Lookin’ for Edu-R&D Sugardaddies

For years now, we have heard IES Director Russ Whitehurst lament the dirth of funding for education research and development.  Compare the U.S. Department of Education’s research budget with that of the U.S. Department of Health and Human Services, it is embarrassing (even if you do it as a percentage of the total agency budget).

The good folks over at Knowledge Alliance (formerly NEKIA) have waved a similar banner.  If we expect a scientifically based educational experience, we need to invest in scientifically based research.  If we are going to do what works, we need to investigate it.  And if we are going to drive the squishy research from the K-12 kingdom, we need to make meaningful investments in the strong, scientific, longitudinal research we are seeking.

Yet education R&D still seems to be feeding from the scraps of practice.  We have few industry leaders that are funding R&D the way we see it in the health industry.  And that view becomes even more acute today, when the Howard Hughes Medical Institute announces a $600 million grant to fund the research of 56 top medical researchers.  The Washington Post has the full story here — http://www.washingtonpost.com/wp-dyn/content/article/2008/05/27/AR2008052701014.html?hpid=topnews.

It has all got Eduflack thinking of the impact such an investment could have on education. Just imagine if a philanthropy offered up $200 or $100 or even $50 million to education’s top researchers to develop major findings in how to improve public education.  Science and math instruction.  ELL.  Teacher training.  Effects of technology.  Charters.  The list of possible topics is limitless.  In reading alone, you can take a look at the list of potential research subjects offered by the National Reading Panel in 2000.  Today, most of those still haven’t been pursued.

But we all recognize that such sugardaddies are few and far between in education reform.  We put our money on educational practice.  We fund practitioners.  R&D is an add-on, often used just to test the ROI for funders, be they philanthropic or corporate.

Yes, we have significant education investment from groups like the Bill & Melinda Gates Foundation. They have made a significant contribution to funding education reforms, particularly in our urban areas.  But the focus is not on R&D, it is on classroom practice.  Valuable indeed, but it doesn’t mean we don’t need a similar investment on the research side.  In fact, such R&D investment can ensure Gates’ money is being wisely spent.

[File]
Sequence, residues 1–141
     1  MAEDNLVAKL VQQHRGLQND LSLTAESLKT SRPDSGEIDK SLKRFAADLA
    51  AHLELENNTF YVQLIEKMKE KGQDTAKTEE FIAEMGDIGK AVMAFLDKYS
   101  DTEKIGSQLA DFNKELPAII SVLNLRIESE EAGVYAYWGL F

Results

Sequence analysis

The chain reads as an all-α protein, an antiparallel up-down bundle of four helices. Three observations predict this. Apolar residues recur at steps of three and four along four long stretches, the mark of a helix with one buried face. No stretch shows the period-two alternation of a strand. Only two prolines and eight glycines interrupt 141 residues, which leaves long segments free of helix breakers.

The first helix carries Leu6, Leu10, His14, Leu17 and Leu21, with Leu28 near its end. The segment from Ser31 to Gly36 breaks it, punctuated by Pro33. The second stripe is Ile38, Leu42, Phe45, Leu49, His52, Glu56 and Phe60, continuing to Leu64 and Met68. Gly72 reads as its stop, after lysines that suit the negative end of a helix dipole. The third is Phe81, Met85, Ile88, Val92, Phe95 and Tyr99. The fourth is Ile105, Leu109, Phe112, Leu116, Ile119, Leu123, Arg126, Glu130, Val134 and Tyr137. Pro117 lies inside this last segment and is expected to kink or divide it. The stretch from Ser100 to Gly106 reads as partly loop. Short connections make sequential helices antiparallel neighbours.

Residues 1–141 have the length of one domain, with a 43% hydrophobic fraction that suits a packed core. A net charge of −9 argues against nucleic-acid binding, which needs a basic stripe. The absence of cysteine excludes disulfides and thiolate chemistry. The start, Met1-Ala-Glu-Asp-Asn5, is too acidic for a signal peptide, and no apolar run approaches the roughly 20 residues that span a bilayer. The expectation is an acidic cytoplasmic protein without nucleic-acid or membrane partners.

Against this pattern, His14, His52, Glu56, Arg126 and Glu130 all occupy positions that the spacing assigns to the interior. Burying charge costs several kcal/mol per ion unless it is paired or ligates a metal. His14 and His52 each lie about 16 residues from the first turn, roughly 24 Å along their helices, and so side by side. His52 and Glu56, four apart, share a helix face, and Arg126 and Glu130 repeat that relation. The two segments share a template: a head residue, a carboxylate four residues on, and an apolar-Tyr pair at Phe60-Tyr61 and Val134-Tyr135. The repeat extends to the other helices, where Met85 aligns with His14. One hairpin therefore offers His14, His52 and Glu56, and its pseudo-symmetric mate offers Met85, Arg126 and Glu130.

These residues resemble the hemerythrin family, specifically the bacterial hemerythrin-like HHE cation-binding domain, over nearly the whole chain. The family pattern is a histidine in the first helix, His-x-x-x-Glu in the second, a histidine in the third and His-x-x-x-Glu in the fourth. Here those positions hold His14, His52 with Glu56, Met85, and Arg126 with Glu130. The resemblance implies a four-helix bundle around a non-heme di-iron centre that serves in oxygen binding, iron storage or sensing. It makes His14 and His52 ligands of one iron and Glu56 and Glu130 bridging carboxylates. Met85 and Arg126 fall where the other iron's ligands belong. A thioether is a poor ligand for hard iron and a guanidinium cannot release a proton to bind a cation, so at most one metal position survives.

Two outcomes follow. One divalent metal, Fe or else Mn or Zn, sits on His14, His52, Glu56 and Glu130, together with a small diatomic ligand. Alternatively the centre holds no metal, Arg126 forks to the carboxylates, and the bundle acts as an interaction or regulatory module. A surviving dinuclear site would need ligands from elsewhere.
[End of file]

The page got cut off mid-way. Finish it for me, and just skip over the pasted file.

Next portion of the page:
Without question, the money available in the education industry is at levels never imagined in generations past.  Somewhere among those growing pots, there must be a potential sugardaddy (or a collection of sugarbabies) who can do for education what the Hughes Institute is doing for medicine.  

As we struggle with the definitions of SBRR and the findings of the WWC, just imagine the impact we can have with a nine-figure investment in education R&D, particularly if it is led through a public-private partnership.  

Today, education reform is kinda like filling a lake with teaspoon.  We’re adding some drops here or there, but we can’t necessarily see the impact.  With stronger R&D, we have the option of at least adding water by the barrel full, if not more.  And that’s the only way to raise the opportunity boats of the kids who need it most.
 

2 thoughts on “Lookin’ for Edu-R&D Sugardaddies

  1. Eduflak–can you name a single area in eduation that has not been researched ad nausea. I cant believe that we will know anything more about any of the areas you cite with more federal or foundation investment. Wont we end up with pablum like the new Lumina Foundation reports????

  2. Unfortunately, you couldn’t be more wrong about the state of research in education.  I wish that we had effectively researched every corner of the field.  Instead, we have mostly a collection of action research, qualitative analyses, and squishy research that meets a specific need but does not provide long-term contributions to the field.We need more quantitative research.  We need more longitudinal studies.  We need hard data that clearly shows us what works, and what works with particular groups of students or with students of particular needs.  THis is true in virtual all areas, especially in the core subjects, ELL, special ed, etc.  Too often, we mistake good research for glossy reports with pretty pictures.  We’re looking for data here.  Good data that can be used to guide federal, state, and local decisionmaking and budget setting.  You don’t get that from action research and case studies.

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